Cardiomyopathy occurs due to any disorder of the heart muscle in which the heart loses its ability to pump blood effectively. In some instances, the heart rhythm becomes disturbed and leads to arrhythmias (irregular heartbeats). Cardiomyopathy can be due to a number of causes, including viral infections and certain medications. Often, the exact cause of the muscle disease is never found.
Cardiomyopathy differs from many of the other disorders of the heart in several ways, including the following:
Cardiomyopathy can, and often does, occur in the young.
The condition tends to be progressive and sometimes worsens fairly quickly.
It may be associated with diseases involving other organs, as well as the heart.
Cardiomyopathy is a leading cause for heart transplantation.
Cardiomyopathy prevents the heart muscle from pumping enough blood to meet the body's needs.
Viral infections that infect the heart are a major cause of cardiomyopathy. In some instances, cardiomyopathy is a result of another disease or its treatment, such as complex congenital (present at birth) heart disease, nutritional deficiencies, uncontrollable, fast heart rhythms, or certain types of chemotherapy for cancer. Sometimes, cardiomyopathy can be linked to a genetic abnormality. Other times, the cause is unknown. Four types of cardiomyopathy affect both adults and children.
Dilated cardiomyopathy is the most common form of cardiomyopathy. The heart muscle becomes enlarged and stretched (dilated), causing the heart to become weak and pump inefficiently. Other problems that may occur with dilated cardiomyopathy include the following:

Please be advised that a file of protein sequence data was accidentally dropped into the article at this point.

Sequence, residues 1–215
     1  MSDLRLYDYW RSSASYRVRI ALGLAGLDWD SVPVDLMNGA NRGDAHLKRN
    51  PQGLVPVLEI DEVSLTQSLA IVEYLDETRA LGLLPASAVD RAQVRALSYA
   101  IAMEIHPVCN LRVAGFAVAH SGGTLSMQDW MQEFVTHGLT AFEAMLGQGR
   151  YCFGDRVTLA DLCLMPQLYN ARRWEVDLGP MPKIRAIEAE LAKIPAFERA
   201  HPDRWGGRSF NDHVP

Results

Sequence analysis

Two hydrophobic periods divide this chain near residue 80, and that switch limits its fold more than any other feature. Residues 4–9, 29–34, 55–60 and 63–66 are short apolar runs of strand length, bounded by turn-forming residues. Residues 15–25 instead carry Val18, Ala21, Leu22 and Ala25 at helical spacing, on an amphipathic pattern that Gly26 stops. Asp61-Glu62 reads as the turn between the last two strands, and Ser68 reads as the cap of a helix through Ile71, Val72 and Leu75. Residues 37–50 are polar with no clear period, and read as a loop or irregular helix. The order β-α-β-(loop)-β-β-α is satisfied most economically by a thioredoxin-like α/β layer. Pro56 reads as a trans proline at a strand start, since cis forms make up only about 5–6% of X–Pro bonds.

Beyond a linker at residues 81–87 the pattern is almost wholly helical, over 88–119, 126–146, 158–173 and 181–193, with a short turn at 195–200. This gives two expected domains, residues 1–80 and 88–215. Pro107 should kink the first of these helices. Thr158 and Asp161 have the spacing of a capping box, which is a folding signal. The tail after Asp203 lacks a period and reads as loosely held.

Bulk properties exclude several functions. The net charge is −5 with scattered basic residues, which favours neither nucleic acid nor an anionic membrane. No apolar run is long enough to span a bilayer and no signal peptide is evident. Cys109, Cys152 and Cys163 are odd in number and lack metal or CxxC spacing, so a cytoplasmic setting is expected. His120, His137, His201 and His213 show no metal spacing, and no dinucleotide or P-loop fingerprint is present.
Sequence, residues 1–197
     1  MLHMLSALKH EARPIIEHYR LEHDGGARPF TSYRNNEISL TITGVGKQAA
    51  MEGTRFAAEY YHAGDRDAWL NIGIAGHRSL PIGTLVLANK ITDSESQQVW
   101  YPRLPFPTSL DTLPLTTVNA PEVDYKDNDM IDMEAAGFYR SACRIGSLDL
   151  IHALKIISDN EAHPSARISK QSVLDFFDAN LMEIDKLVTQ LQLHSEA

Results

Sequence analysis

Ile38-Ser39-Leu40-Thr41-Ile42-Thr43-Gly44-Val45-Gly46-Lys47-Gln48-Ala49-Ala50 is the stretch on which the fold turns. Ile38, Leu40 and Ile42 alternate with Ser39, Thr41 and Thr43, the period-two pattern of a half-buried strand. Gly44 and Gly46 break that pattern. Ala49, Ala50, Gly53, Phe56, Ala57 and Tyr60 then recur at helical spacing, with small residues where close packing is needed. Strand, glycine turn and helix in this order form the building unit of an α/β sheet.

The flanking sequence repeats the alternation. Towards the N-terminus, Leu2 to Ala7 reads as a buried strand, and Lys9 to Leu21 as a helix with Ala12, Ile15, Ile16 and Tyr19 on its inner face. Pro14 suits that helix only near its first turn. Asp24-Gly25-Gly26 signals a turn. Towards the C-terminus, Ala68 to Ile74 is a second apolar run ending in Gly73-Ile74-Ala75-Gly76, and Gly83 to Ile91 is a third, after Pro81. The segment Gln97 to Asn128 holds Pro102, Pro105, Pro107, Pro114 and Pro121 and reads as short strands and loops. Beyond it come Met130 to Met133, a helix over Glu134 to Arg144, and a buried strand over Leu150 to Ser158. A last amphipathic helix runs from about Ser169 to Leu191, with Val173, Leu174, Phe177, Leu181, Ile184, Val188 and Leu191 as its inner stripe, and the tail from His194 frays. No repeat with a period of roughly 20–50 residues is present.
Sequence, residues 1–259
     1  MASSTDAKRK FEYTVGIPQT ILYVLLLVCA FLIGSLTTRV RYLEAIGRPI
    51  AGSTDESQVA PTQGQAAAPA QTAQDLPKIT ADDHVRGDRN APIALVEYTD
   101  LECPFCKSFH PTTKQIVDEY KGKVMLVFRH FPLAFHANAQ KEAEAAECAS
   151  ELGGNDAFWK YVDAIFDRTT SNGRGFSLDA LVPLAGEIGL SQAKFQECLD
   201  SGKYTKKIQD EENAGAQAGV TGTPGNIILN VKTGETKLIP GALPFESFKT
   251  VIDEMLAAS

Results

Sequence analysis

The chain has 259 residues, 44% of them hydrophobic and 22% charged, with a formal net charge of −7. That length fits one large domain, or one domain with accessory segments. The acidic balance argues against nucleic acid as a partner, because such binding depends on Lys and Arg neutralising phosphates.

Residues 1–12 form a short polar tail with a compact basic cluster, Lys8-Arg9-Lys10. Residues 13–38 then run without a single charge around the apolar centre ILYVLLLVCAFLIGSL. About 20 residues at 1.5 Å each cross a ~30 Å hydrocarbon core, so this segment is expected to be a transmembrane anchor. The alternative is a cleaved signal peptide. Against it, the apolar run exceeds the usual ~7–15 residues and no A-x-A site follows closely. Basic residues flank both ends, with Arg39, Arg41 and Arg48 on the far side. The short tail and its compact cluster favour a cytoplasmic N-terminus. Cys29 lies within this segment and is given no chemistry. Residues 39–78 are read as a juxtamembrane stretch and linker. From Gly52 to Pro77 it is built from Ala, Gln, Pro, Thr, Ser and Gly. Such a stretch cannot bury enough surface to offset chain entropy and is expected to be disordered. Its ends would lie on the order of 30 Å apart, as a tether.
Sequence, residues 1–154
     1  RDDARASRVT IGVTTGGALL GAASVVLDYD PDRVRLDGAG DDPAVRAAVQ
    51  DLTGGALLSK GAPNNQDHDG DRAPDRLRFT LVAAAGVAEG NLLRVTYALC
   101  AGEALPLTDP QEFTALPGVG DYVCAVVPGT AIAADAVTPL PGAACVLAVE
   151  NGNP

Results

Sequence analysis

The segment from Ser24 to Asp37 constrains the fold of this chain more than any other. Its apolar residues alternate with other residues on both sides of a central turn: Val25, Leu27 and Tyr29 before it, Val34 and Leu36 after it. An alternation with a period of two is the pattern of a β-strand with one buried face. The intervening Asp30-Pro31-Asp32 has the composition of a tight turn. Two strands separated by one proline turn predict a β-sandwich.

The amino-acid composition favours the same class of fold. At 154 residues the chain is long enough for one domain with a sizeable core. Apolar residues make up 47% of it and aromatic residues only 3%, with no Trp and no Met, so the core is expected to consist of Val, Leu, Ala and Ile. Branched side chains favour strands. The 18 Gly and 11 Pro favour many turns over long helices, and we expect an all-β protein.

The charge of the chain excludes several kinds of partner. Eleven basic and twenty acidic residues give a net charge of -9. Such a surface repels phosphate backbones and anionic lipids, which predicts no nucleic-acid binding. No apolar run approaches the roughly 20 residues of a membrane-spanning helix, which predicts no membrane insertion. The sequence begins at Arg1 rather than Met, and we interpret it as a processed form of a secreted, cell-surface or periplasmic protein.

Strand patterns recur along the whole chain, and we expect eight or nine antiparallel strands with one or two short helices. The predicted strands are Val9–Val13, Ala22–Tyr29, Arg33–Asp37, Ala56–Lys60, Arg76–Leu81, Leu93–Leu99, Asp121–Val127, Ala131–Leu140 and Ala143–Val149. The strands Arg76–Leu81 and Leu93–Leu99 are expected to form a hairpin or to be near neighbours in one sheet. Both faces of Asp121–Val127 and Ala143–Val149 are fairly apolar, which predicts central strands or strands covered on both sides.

Irregular heart rhythms
Risk of blood clots
Congestive heart failure
The dilated left ventricle can affect the leaflets of the mitral valve, which separates the left atrium and the left ventricle, the left-sided chambers of the heart. The valve leaflets become leaky, resulting in mitral regurgitation (or mitral insufficiency) whereby the blood moves backward from the left ventricle to the left atrium, rather than moving forward to the body.
Various infections (including viral) which lead to inflammation of the heart muscle (myocarditis) can cause this type of cardiomyopathy.
Contact with toxins or very powerful therapeutic drugs, such as certain types of chemotherapy given to fight cancer, have been known to cause dilated cardiomyopathy. Heredity can also be a factor. Twenty percent of people with dilated cardiomyopathy have a parent or sibling with the disease. In many cases, a specific cause for this type of the disease is never identified.
Because the heart muscle is weak and unable to pump enough blood to meet the body's demands, the body may try to preserve blood flow to essential organs such as the brain and kidneys by reducing blood flow to other areas of the body, such as the skin and muscles.
The following are the most common symptoms of dilated cardiomyopathy. However, each child may experience symptoms differently. Symptoms may include:
Pale or ashen skin color
Cool, sweaty skin
Rapid heart rate
Rapid breathing rate
Shortness of breath
Specific treatment for dilated cardiomyopathy will be determined by your child's health care provider based on:
Your child's age, overall health, and medical history
Extent of the disease
Your child's tolerance for specific medications, procedures, or therapies
Expectations for the course of the disease
Your opinion or preference
Your child's health care provider may recommend medications to accomplish the following:
Help the heart beat more effectively
Decrease the workload of the heart
Decrease the oxygen requirements of the heart
Prevent blood clots from forming